May. 1, 2016 04:15 AM EDT Reads: 1,510
Between the mockups and specs produced by analysts, and resulting applications built by developers, there exists a gulf where projects fail, costs spiral, and applications disappoint. Methodologies like Agile attempt to address this with intensified communication, with partial success but many limitations. In his session at 18th Cloud Expo, Charles Kendrick, CTO & Chief Architect at Isomorphic Software, will present a revolutionary model enabled by new technologies. Learn how business and devel...
May. 1, 2016 04:15 AM EDT Reads: 1,741
The notion of customer journeys, of course, are central to the digital marketer’s playbook. Clearly, enterprises should focus their digital efforts on such journeys, as they represent customer interactions over time. But making customer journeys the centerpiece of the enterprise architecture, however, leaves more questions than answers. The challenge arises when EAs consider the context of the customer journey in the overall architecture as well as the architectural elements that make up each...
May. 1, 2016 03:00 AM EDT Reads: 1,960
Much of the discussion around cloud DevOps focuses on the speed with which companies need to get new code into production. This focus is important – because in an increasingly digital marketplace, new code enables new value propositions. New code is also often essential for maintaining competitive parity with market innovators. But new code doesn’t just have to deliver the functionality the business requires. It also has to behave well because the behavior of code in the cloud affects performan...
May. 1, 2016 02:45 AM EDT Reads: 1,398
In 2006, Martin Fowler posted his now famous essay on Continuous Integration. Looking back, what seemed revolutionary, radical or just plain crazy is now common, pedestrian and "just what you do." I love it. Back then, building and releasing software was a real pain. Integration was something you did at the end, after code complete, and we didn't know how long it would take. Some people may recall how we, as an industry, spent a massive amount of time integrating code from one team with another...
May. 1, 2016 12:15 AM EDT Reads: 805
As the software delivery industry continues to evolve and mature, the challenge of managing the growing list of the tools and processes becomes more daunting every day. Today, Application Lifecycle Management (ALM) platforms are proving most valuable by providing the governance, management and coordination for every stage of development, deployment and release. Recently, I spoke with Madison Moore at SD Times about the changing market and where ALM is headed.
Apr. 30, 2016 09:00 PM EDT Reads: 1,488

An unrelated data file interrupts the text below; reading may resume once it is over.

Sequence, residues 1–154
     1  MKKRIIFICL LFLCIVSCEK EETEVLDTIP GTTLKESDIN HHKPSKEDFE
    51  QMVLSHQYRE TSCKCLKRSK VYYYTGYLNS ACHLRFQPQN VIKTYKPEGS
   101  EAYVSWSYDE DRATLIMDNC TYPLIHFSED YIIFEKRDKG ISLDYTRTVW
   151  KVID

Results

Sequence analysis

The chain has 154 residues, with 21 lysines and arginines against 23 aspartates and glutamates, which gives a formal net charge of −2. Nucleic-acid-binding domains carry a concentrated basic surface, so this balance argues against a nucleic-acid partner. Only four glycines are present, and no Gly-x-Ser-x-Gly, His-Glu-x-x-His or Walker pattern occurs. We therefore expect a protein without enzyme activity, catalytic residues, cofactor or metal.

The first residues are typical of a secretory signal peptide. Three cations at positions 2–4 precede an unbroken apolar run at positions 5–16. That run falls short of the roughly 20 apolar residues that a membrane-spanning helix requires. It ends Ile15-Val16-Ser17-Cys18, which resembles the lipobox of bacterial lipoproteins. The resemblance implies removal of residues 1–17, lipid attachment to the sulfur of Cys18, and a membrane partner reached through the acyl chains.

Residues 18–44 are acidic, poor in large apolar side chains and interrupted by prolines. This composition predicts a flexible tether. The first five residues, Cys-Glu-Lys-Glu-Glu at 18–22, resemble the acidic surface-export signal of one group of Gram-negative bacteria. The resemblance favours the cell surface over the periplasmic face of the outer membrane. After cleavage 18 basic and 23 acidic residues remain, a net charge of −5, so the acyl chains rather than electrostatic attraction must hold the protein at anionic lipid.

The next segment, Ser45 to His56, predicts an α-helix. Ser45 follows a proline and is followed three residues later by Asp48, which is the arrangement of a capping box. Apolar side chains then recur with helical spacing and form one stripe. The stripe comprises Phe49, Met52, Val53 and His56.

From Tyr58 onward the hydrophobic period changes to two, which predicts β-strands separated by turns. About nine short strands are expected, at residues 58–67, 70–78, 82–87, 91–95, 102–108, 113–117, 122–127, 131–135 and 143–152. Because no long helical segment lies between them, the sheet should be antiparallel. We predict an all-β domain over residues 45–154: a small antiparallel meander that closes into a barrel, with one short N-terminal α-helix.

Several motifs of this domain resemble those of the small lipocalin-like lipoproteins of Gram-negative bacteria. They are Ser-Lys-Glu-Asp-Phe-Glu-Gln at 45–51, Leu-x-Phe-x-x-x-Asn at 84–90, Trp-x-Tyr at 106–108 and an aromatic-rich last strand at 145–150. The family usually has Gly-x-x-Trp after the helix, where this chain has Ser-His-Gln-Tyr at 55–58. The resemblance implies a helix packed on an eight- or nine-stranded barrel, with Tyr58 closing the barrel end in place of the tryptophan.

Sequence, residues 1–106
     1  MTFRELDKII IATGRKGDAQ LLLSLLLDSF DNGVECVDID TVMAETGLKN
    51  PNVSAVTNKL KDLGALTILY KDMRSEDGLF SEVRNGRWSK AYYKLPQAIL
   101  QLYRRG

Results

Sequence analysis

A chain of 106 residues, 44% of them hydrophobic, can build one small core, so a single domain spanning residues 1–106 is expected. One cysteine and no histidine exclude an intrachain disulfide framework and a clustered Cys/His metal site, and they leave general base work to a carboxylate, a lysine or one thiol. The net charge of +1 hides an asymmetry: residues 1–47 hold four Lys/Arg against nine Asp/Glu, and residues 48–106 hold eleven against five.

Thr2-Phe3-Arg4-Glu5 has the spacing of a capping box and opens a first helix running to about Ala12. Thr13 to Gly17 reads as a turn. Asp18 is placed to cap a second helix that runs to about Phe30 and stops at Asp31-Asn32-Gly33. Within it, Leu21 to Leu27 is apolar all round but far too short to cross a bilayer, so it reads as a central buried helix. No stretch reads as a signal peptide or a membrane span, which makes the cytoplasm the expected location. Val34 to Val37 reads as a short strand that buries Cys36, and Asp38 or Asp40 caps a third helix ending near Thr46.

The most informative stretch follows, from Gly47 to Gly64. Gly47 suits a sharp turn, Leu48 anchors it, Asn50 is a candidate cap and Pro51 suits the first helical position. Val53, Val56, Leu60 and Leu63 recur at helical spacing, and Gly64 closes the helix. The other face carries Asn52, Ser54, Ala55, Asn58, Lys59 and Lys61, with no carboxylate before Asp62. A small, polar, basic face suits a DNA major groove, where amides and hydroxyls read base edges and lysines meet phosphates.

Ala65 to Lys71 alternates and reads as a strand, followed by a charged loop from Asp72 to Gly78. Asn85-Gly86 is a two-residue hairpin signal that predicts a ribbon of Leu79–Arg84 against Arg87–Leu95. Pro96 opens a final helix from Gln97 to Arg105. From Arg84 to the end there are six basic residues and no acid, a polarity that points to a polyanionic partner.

If there is anything we have learned by now, is that every business paves their own unique path for releasing software- every pipeline, implementation and practices are a bit different, and DevOps comes in all shapes and sizes. Software delivery practices are often comprised of set of several complementing (or even competing) methodologies – such as leveraging Agile, DevOps and even a mix of ITIL, to create the combination that’s most suitable for your organization and that maximize your busines...
Apr. 30, 2016 08:15 PM EDT Reads: 1,827
Struggling to keep up with increasing application demand? Learn how Platform as a Service (PaaS) can streamline application development processes and make resource management easy.
Apr. 30, 2016 08:00 PM EDT Reads: 2,073
The goal of any tech business worth its salt is to provide the best product or service to its clients in the most efficient and cost-effective way possible. This is just as true in the development of software products as it is in other product design services. Microservices, an app architecture style that leans mostly on independent, self-contained programs, are quickly becoming the new norm, so to speak. With this change comes a declining reliance on older SOAs like COBRA, a push toward more s...
Apr. 30, 2016 06:30 PM EDT Reads: 1,357
This is not a small hotel event. It is also not a big vendor party where politicians and entertainers are more important than real content. This is Cloud Expo, the world's longest-running conference and exhibition focused on Cloud Computing and all that it entails. If you want serious presentations and valuable insight about Cloud Computing for three straight days, then register now for Cloud Expo.
Apr. 30, 2016 02:30 PM EDT Reads: 1,726
I had the opportunity to catch up with Chris Corriere - DevOps Engineer at AutoTrader - to talk about his experiences in the realm of Rugged DevOps. We discussed automation, culture and collaboration, and which thought leaders he is following. Chris Corriere: Hey, I'm Chris Corriere. I'm a DevOps Engineer AutoTrader. Derek Weeks: Today we're going to talk about Rugged DevOps. It's a subject that's gaining a lot of traction in the community but not a lot of people are really familiar with wh...
Apr. 30, 2016 09:45 AM EDT Reads: 1,581
APIs have taken the world by storm in recent years. The use of APIs has gone beyond just traditional "software" companies, to companies and organizations across industries using APIs to share information and power their applications. For some organizations, APIs are the biggest revenue drivers. For example, Salesforce generates nearly 50% of annual revenue through APIs. In other cases, APIs can increase a business's footprint and initiate collaboration. Netflix, for example, reported over 5 bi...
Apr. 29, 2016 09:30 PM EDT Reads: 2,571